It's done. House of Cards is over and…the house the Underwoods built still stands.
The Emmy-winning Netflix drama that helped launch the streaming platform's originals slate dropped its sixth and final season on Friday, Nov. 2, after nearly collapsing in on itself after cutting ties with Kevin Spacey following sexual misconduct allegations. Writers had to scrap the final season and start fresh, writing out Spacey's Frank Underwood and refocusing on Robin Wright's Claire Underwood. Yet Frank Underwood was still very much part of the series, a constant problem for all involved.
Over the (confusing) eight episodes, the writers pitted Claire Underwood against Michael Kelly's Doug Stamper, two of the characters closest to Frank, and only revealed what really happened to Frank in the final moments of the series. Spoilers follow.
Doug killed Frank, but only because Frank was about to kill Claire. Doug said he did it to protect Frank's legacy, basically his one goal in life. Doug was also intent on killing Claire…until she got the better of him. Yep, Claire, who was miraculously pregnant with "Frank's" child, murdered Doug right in the Oval Office. And that's how the series ended.
Executive producers Melissa James Gibson and Frank Pugliese said the two characters, who hardly interacted over the course of the previous five seasons, needed to have a showdown.
"We knew that we wanted the end to feel surprising but inevitable. It needed to be both those things. We really did explore every possibility, but just in terms of Claire's psychology—and actually Doug Stamper's as well—until that was what became clear as the right thing to do," James Gibson told The Hollywood Reporter. "It started with the seeds of the relationships throughout the series, but also from that dinner the three of them shared at the end of season five where [Claire and Frank] ask Doug to take the fall for them."
"We knew we wanted the ending to be cathartic and for it to be some sort of release; the complicated reveal of many aspects of Claire's character. Exactly how that was going to happen and if somebody was going to die, or pay the price, for all that, we didn't know until we got close to the ending. Also, during the course of working on the season, you start to realize that the two characters who had the most invested in each other, either by potentially being allies or actually by being the existential threat to the other, were Doug and Claire now that Francis was off the screen. It seemed like the showdown was the inevitable showdown," Pugliese said.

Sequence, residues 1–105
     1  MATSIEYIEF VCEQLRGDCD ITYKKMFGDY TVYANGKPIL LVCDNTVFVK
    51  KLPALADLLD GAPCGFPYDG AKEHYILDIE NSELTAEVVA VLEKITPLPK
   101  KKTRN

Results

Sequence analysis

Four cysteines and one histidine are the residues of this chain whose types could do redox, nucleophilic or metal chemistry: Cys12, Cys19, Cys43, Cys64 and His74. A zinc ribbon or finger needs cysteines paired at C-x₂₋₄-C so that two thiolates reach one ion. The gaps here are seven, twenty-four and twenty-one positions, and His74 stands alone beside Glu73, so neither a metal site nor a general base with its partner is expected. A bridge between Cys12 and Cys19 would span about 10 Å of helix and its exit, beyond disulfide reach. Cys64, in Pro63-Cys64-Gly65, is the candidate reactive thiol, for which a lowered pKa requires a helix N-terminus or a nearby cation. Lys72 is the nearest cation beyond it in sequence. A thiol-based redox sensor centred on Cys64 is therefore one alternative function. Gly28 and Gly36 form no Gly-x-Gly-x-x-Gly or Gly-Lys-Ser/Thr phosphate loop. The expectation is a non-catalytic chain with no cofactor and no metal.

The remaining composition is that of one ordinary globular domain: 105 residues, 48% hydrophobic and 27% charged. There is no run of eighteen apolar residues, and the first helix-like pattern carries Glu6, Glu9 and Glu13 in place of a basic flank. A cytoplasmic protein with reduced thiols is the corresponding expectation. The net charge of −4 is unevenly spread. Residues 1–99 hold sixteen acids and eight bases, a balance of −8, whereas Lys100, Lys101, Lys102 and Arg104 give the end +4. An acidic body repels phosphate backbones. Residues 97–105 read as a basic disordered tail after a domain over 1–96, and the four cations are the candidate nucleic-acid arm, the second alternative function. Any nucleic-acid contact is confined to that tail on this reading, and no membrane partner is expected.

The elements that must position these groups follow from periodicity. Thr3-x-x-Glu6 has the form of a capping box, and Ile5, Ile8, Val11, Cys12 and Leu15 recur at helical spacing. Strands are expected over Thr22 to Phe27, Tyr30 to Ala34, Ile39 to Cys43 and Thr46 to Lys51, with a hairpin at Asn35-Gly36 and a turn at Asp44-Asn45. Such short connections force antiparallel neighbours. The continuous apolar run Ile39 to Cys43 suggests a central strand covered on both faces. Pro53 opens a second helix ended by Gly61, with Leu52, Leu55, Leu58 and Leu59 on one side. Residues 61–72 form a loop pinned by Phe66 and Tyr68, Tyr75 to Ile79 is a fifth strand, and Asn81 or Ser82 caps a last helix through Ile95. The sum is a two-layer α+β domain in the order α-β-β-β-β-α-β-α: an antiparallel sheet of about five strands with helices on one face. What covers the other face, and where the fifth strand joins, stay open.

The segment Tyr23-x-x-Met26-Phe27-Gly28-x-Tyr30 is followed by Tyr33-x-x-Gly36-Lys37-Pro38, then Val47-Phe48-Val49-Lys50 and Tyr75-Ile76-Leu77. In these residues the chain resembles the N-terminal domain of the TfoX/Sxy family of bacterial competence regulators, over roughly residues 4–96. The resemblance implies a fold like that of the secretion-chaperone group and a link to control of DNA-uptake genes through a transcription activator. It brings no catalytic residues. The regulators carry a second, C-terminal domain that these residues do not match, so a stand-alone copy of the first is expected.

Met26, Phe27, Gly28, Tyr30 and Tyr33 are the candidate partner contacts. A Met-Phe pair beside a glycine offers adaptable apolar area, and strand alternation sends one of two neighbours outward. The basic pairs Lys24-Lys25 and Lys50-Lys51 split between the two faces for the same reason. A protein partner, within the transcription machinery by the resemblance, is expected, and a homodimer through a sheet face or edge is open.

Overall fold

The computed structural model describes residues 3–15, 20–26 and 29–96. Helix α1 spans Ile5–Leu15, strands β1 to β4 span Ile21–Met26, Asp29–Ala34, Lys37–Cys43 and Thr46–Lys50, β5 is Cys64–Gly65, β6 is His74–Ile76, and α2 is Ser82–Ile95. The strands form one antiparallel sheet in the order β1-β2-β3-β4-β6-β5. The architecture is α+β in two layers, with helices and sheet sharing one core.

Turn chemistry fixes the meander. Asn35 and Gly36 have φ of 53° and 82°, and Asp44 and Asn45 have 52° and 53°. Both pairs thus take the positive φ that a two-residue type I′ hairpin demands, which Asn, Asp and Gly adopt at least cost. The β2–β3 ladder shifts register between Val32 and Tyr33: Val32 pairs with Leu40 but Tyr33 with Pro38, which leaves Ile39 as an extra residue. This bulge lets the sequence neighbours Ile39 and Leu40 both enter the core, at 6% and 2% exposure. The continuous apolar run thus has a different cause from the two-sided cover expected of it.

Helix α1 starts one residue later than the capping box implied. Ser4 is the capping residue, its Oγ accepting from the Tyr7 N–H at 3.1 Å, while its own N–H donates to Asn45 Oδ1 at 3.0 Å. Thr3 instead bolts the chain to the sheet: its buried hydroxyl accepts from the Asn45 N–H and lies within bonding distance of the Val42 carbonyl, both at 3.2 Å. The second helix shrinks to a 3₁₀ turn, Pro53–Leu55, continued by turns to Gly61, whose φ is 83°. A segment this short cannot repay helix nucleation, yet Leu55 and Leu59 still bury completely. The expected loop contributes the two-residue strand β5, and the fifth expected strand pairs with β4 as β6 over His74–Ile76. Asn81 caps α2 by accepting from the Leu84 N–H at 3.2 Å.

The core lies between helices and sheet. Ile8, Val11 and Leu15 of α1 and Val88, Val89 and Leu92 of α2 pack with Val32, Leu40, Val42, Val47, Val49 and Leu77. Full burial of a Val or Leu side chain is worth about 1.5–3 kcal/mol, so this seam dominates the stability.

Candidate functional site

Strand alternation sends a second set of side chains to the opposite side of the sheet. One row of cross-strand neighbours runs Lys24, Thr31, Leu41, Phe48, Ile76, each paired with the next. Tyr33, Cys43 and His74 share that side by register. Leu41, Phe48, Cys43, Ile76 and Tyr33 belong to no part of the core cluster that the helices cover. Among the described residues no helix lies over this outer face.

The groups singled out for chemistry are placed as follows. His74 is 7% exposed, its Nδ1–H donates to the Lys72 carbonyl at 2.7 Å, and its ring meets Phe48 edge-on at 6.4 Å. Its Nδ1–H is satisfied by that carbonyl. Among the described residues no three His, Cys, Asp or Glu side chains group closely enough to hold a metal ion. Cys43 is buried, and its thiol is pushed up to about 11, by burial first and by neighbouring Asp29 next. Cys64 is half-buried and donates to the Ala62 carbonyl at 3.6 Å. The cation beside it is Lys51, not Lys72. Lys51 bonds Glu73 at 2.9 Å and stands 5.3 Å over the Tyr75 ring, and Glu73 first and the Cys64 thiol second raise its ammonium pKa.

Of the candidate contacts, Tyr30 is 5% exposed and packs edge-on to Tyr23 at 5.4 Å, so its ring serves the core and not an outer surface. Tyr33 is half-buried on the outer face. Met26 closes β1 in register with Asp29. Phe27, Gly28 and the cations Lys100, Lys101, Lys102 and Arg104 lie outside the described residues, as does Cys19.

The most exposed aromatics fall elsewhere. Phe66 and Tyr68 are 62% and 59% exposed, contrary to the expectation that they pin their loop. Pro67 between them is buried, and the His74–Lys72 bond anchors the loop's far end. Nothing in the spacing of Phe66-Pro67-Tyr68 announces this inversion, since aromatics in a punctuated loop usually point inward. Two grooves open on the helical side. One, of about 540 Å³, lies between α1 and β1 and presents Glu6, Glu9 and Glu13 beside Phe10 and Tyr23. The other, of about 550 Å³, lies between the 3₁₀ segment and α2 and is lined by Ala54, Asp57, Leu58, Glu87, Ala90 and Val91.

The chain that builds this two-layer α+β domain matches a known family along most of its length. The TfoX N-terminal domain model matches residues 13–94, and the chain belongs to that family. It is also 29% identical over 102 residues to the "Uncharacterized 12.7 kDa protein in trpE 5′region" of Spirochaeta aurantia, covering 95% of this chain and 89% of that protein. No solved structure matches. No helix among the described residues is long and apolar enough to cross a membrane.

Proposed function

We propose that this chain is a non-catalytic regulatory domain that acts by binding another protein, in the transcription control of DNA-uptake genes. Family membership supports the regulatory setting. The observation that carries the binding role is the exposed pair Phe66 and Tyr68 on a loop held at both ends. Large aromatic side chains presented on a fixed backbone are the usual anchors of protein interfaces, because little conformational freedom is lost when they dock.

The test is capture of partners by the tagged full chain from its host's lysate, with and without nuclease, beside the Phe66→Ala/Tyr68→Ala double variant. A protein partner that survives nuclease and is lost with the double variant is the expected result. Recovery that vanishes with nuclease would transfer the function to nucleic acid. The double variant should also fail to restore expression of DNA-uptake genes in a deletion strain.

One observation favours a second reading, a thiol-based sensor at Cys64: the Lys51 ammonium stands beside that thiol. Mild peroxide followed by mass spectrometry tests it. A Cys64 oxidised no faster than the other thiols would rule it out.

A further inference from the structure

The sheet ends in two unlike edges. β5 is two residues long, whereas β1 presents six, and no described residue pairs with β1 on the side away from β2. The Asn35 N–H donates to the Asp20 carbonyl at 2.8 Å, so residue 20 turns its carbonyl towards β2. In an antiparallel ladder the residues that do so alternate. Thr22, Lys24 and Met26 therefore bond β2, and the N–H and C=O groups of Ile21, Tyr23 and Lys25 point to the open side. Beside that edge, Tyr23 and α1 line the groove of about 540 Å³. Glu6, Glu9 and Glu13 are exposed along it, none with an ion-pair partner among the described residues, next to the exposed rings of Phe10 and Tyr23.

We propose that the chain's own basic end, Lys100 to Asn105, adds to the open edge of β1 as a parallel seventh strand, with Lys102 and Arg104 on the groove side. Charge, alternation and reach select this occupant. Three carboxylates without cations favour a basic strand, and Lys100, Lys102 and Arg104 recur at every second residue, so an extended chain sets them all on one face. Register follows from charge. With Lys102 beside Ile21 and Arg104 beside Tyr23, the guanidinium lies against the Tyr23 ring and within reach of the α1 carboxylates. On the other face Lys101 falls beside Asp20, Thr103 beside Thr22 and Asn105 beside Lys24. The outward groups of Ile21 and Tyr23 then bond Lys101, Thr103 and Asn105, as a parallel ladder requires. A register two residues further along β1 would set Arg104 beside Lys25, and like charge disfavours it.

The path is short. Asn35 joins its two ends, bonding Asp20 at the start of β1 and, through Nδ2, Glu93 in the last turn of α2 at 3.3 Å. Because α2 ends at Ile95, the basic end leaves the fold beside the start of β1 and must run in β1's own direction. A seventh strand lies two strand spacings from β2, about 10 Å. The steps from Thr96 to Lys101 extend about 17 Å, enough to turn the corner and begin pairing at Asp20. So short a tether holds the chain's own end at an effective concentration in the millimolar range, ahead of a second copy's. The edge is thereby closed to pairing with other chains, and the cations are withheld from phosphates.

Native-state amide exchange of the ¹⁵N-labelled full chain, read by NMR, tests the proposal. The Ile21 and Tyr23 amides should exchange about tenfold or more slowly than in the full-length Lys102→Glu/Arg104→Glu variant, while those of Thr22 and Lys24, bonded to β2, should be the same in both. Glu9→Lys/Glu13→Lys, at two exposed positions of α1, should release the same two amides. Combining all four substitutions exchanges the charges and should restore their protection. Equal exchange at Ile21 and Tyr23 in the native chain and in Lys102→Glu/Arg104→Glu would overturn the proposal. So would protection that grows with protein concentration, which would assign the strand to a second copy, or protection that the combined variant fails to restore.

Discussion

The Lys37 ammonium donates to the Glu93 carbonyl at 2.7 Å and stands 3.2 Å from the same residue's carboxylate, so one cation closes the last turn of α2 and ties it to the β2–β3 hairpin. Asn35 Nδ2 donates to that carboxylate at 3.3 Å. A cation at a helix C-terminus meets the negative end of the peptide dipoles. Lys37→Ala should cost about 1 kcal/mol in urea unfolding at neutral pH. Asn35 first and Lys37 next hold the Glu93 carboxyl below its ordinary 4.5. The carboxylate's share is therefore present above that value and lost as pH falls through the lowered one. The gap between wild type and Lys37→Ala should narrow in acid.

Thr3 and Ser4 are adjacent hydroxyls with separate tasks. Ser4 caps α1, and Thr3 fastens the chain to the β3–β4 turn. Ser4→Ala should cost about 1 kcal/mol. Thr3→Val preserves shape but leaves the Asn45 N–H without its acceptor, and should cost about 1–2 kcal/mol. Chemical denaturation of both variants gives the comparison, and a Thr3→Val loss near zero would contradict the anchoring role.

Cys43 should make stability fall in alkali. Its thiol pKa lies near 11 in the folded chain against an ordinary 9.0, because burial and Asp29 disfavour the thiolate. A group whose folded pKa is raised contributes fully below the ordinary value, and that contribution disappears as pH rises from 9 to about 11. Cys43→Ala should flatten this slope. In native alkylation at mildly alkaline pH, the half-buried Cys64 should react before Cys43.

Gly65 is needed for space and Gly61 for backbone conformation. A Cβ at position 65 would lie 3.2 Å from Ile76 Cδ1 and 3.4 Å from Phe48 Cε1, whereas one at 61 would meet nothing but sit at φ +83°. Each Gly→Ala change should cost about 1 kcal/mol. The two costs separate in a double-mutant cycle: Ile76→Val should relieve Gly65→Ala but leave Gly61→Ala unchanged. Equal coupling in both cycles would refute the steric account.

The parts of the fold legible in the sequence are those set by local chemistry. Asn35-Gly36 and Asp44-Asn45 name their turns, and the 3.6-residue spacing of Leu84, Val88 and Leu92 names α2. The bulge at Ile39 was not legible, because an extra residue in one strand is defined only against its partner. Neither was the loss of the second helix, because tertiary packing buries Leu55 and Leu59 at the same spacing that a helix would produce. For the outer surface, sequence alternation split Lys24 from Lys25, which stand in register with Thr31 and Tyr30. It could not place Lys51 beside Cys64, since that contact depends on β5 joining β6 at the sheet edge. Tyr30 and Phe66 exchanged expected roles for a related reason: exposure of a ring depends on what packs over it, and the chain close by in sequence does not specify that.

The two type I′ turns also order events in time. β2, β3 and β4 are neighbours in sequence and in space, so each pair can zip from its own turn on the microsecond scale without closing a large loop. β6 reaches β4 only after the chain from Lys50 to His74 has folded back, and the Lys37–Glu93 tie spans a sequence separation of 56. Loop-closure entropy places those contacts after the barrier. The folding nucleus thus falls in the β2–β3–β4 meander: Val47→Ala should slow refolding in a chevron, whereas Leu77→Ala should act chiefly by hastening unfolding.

The intention for the final season, according to the executive producers, was to be a final battle between Frank and Claire. With Frank gone, they shifted antagonists and had Doug Stamper, among others, stand in place of Frank.
"We knew the stakes would be life and death for both of them and that it would be a bloody civil war. How literal that got was part of the discovery. But this partnership [between Claire and Frank] was no longer tenable and I think that got exposed and became clear by the end of season five. This was to be the season of the showdown, and I think it still is. It's just without him on screen and with other characters filling the void," James Gibson said.
Before Doug met his maker at the hands of Claire, he was playing both sides of the battle between Claire and the Shepherd siblings (played by Diane Lane and Greg Kinnear). He even brought Claire a list of everyone working against her.
"He can't stand the Shepherds or anything they stand for. They're terrible people to him. What he's wanted more than anything—what he always wanted—was to protect Frank's legacy. All he wants is for Claire to pardon Frank posthumously. He wants that name to be cleared. He presents this [list] to her, and all he wants is for her to say that she'll do it. And when he realizes he's not gonna get that, he can't bring himself to kill her because there's a part of Frank alive in her, still. And that's the final thing for him," Kelly told Vulture.
By introducing new characters played by Lane and Kinnear so late in the game, and elevating Kelly's Doug Stamper to main antagonist, House of Cards ended in a frustrating jumble.
Yes, Claire's secrets were protected still, but the body count was astronomical, and the ending didn't feel earned. Claire and Doug had ties to one another via Frank. Rather than letting Wright's character stand on her own, the season remained too tied to Spacey's character. There was really no way around that, given he was the central figure of the series before Netflix cut ties with him. House of Cards wrote itself into a corner and did its best to get out of it.
All six seasons of House of Cards are now streaming on Netflix.